What is in the bathtub?

This is the first and most important question to ask in a system analysis: what does the bathtub represent to you, or to your organization, or even to a particular program? Think of the change you want to see in the world as represented by a bathtub.

What do you want to see more of or less of in the world? Are you trying to increase the volume of something in the bathtub (such as increasing the number of trees in the forest) or diminish the volume of the bathtub (such as decreasing the number of people in a city who are living on the streets)?

How does is this bathtub influenced by all the surrounding variables? For instance, let’s suppose you want to address poverty in your city. Your bathtub represents the number of people in your city who are living on the street. Before you can think about increasing or decreasing the ‘stock’ in this bathtub, you need to think about the flow. How do people find themselves in this situation? If you start brainstorming the intersecting stories and potentials, it probably will not take long before the ‘map’ starts looking very complex indeed.

In fact, the diagram will eventually look incomprehensible. As complexity theory suggests, it is virtually impossible for us to define a singular reason why any given person finds themselves in poverty. Indeed, the ’cause’ of poverty for any given person is as unique as the individual themselves. Therefore, you could potentially draw an infinite number of causal relationships in this map…and still not be able to pretend to understand poverty in any whole or comprehensive way.

And if you think about how people might ‘exit’ the waiting list for affordable housing — and what other aspects of the system are involved — the mental model for this map could grow to be infinitely complex, with an infinite number of factors, actors, or ‘nodes’ in the system. You could probably spend days speculating and drawing causative relationships between different parts of the whole system.

What is the lesson the analogy so far? The ‘bathtub’ you want to affect in the world is probably just as systemically complex as the bathtub in your house. In fact, it is likely even more complex and interconnected. Furthermore: the bathtub ‘out there’ does not have handy faucets and a drain plug you can easily turn to tweak water level, either.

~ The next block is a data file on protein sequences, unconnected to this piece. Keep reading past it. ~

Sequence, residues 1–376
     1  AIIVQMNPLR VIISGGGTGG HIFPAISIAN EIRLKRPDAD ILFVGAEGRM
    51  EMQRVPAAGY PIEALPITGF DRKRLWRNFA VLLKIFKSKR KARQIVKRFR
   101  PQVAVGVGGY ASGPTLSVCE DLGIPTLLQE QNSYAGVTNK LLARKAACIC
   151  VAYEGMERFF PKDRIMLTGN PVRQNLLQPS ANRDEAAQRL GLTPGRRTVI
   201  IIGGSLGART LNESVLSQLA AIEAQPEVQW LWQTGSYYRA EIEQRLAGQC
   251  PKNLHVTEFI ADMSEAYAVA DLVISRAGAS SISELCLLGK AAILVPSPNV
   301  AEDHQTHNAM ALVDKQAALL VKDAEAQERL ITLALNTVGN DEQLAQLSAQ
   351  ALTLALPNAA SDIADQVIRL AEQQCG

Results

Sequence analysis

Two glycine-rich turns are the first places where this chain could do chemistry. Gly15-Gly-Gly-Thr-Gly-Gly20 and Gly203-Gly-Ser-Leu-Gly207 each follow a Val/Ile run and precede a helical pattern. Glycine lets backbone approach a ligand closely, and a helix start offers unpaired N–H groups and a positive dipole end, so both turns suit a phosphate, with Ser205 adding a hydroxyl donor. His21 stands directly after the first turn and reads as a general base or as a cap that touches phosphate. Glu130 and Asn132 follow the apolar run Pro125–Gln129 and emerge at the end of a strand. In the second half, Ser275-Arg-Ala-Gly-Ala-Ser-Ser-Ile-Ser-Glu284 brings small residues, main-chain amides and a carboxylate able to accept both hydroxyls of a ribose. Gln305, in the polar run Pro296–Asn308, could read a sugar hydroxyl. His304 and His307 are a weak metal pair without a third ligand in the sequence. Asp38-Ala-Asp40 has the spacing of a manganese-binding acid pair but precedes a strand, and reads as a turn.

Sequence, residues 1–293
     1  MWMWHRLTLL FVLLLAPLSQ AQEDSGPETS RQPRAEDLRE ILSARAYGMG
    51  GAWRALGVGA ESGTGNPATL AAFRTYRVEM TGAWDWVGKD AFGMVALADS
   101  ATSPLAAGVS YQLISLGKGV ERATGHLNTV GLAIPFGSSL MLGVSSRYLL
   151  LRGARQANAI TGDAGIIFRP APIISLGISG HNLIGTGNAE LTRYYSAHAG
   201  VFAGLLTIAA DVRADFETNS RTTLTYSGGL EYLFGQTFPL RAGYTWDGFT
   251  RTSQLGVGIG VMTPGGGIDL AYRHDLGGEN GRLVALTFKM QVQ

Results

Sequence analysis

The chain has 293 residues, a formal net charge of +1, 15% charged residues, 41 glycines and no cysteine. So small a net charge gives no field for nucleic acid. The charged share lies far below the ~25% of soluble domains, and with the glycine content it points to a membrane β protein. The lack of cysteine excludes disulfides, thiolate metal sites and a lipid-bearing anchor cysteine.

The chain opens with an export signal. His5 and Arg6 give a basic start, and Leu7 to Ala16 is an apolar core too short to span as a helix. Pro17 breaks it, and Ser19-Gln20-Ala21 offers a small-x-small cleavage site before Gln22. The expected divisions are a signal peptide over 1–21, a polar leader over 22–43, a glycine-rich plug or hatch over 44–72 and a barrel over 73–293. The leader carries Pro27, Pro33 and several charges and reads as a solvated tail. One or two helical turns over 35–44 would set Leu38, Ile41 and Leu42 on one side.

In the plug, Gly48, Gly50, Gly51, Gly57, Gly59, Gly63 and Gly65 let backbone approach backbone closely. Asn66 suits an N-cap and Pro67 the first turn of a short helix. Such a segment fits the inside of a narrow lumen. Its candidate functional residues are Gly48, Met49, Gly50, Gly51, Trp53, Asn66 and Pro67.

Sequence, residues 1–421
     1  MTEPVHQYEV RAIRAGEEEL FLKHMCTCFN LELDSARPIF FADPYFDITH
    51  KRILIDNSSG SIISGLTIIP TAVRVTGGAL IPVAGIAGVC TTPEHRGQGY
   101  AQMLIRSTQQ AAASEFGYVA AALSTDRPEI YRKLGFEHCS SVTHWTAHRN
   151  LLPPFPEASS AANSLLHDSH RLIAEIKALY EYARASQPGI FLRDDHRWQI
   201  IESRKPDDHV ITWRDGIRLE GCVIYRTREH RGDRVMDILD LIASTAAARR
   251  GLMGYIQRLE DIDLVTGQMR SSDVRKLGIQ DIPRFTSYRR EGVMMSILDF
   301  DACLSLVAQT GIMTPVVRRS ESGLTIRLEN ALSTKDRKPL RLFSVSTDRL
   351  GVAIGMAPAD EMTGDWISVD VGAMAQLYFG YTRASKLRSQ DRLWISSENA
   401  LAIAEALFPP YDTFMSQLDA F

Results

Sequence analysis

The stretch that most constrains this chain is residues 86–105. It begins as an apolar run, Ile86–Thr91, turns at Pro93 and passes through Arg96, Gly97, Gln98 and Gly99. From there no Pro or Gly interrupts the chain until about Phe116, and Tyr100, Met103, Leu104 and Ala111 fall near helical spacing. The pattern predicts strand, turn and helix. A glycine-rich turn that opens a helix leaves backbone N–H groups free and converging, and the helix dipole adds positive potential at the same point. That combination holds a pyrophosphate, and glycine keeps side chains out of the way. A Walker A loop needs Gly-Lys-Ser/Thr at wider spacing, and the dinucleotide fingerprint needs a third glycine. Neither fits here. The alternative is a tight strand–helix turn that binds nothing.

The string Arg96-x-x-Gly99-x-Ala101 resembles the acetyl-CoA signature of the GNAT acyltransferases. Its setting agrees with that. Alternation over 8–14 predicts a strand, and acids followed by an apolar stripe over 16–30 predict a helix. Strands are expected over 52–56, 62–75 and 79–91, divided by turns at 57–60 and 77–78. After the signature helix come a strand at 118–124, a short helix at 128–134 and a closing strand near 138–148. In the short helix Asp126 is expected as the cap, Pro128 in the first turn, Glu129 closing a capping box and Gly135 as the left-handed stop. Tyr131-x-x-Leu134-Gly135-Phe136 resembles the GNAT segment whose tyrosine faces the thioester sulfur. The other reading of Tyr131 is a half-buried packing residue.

The contents of your bathtub must be quantifiable. It needs to be something has a number or metric that can be counted — such as the number of trees per square kilometre in your forest or the number of people on a waiting list for affordable housing. Can’t come up with something countable? What would be a viable ‘proxy’ measure — something observable in the world — that would indicate you are achieving your objective? Put the proxy in the bathtub.

Beware of putting ‘immeasurables’ in your bathtub. Resist the temptation to use words that are technically subjective or otherwise empirically undefinable — such as ‘poverty,’ ‘wealth,’ ‘value,’ ‘engagement,’ or ‘capacity.’ Instead, ask: if we had more/less of this in the bathtub, what measurable difference would we see in the world?

Cite this page:
Shelley, James. (2020). 'What is in the bathtub?' (in System Thinker Notebook). Originally published on August 5, 2020. Accessed on September 25, 2020. Licensed under a Creative Commons Attribution-NonCommercial-ShareAlike 4.0 International License. Permalink: https://jamesshelley.com?p=17090
Additional reference and meta data:
This page a subsection of 'System Concepts' in the System Thinker Notebook manuscript.
Child pages for What is in the bathtub?:

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